I find it interesting that Chrome chooses a sort of "opposite" approach, but obviously they have their reasons.

m00nbl00d wrote:Poor m00nbl00d is running with an explicit low IL... living dangerously... Laughing

Do you force the Broker process to Low IL?

*EDIT* I'm trying to make sense of the Chrome explanation. Clearly the Medium IL broker handles web connections as explained, then the pages are rendered in the Renderer process. Are they run at Low IL?

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Re: Chrome's Medium IL Broker process connects to Web

Post by Guest on 22/2/2012, 21:32

Yes, the Renderer processes run at low integrity level. A few may run with medium integrity level, but those would be hosting plugins that, unfortunately, software developers are lazy to make them work at low integrity level. One example being Java.

This actually made me think of what that Microsoft MSDN article mentions. They mention that All browser extensions and ActiveX controls run inside the low-integrity process. Is that true for Java?

I know that Java can run almost fine in a low integrity level process. There are some issues, though.

And yes, I do run Chromium in full low integrity level. Very Happy Or, in other words, both Broker and Renderer run in low integrity level. For instance, if the VUPEN exploit became a widespread reality, I would not fall victim to it. There's no how to escape from low to medium/high, because it's all low.

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Re: Chrome's Medium IL Broker process connects to Web

Post by wat0114 on 23/2/2012, 07:42

Thank you m00nbl00d!

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Re: Chrome's Medium IL Broker process connects to Web

Post by Guest on 23/2/2012, 08:57

You're welcome. By the way, if you ever go back to Google Chrome, I think I've found the command-line switch allowing to force the PepperFlash/PPAPI version of Flash Player.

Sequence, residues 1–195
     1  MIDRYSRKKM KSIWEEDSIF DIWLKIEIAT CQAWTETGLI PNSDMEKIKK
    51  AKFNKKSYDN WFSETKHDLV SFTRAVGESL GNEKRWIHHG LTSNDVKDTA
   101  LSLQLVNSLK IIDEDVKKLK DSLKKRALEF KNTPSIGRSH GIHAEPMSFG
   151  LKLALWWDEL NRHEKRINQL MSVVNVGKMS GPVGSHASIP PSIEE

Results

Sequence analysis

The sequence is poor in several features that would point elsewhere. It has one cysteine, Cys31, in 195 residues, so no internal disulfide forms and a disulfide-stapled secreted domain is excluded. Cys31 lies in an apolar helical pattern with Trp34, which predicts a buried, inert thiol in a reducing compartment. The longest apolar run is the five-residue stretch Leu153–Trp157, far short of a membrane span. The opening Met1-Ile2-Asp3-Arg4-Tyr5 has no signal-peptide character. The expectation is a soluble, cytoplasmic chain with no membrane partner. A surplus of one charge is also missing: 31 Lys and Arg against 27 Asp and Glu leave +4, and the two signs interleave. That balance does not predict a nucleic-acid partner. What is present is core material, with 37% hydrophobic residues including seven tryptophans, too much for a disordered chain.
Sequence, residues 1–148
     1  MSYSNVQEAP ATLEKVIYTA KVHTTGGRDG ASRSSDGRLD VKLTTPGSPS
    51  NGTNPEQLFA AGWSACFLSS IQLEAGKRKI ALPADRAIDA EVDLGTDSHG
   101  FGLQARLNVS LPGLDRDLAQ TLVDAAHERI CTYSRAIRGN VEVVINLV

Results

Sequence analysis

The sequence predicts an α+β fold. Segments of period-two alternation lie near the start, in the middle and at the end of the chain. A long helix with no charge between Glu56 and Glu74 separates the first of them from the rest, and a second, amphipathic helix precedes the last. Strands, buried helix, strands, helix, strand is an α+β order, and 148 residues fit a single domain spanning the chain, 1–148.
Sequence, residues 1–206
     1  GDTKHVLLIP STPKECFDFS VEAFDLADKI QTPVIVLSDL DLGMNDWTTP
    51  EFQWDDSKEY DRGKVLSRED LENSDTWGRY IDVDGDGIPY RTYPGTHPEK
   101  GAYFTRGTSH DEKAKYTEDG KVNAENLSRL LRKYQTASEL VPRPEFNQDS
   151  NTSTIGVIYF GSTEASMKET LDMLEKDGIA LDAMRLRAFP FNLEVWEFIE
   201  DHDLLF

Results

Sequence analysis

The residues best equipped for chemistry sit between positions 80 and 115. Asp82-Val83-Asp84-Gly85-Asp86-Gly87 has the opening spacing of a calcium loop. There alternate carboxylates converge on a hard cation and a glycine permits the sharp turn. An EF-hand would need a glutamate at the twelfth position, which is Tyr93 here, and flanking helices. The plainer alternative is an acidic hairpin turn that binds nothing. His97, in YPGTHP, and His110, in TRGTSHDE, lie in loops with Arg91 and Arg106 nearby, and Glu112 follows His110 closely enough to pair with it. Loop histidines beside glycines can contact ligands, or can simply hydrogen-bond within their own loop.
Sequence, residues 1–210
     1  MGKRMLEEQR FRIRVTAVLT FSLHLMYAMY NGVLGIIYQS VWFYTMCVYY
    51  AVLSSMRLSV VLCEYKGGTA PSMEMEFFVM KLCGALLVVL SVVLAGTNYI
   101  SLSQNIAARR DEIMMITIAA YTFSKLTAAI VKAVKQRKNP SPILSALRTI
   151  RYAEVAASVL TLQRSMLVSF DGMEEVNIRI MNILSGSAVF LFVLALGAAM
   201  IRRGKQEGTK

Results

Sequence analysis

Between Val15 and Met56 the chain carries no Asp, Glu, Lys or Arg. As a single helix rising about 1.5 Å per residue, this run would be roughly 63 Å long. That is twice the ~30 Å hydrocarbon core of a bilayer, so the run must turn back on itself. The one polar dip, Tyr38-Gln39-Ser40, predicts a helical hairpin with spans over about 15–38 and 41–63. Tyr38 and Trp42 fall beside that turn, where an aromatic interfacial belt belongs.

It should be --enable-bundled-ppapi-flash

This page should give an overview of the differences between NPAPI and PPAPI plugin: -http://www.chromium.org/nativeclient/getting-started/getting-started-background-and-basics#TOC-Netscape-Plugin-API-NPAPI-

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Re: Chrome's Medium IL Broker process connects to Web

Post by wat0114 on 23/2/2012, 11:00

m00nbl00d wrote:You're welcome. By the way, if you ever go back to Google Chrome, I think I've found the command-line switch allowing to force the PepperFlash/PPAPI version of Flash Player.

It should be --enable-bundled-ppapi-flash

This page should give an overview of the differences between NPAPI and PPAPI plugin: -http://www.chromium.org/nativeclient/getting-started/getting-started-background-and-basics#TOC-Netscape-Plugin-API-NPAPI-

Thanks, I have Chrome installed, so I'll give that a try but I've recently migrated from Firefox to Waterfox w/NoScript and Cookie Monster plug-ins Smile

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Re: Chrome's Medium IL Broker process connects to Web

Post by Guest on 24/2/2012, 01:07

wat0114 wrote:
m00nbl00d wrote:You're welcome. By the way, if you ever go back to Google Chrome, I think I've found the command-line switch allowing to force the PepperFlash/PPAPI version of Flash Player.

It should be --enable-bundled-ppapi-flash

This page should give an overview of the differences between NPAPI and PPAPI plugin: -http://www.chromium.org/nativeclient/getting-started/getting-started-background-and-basics#TOC-Netscape-Plugin-API-NPAPI-

Thanks, I have Chrome installed, so I'll give that a try but I've recently migrated from Firefox to Waterfox w/NoScript and Cookie Monster plug-ins Smile

No problem. Hopefully, it will work. It should work with Chromium... Suspect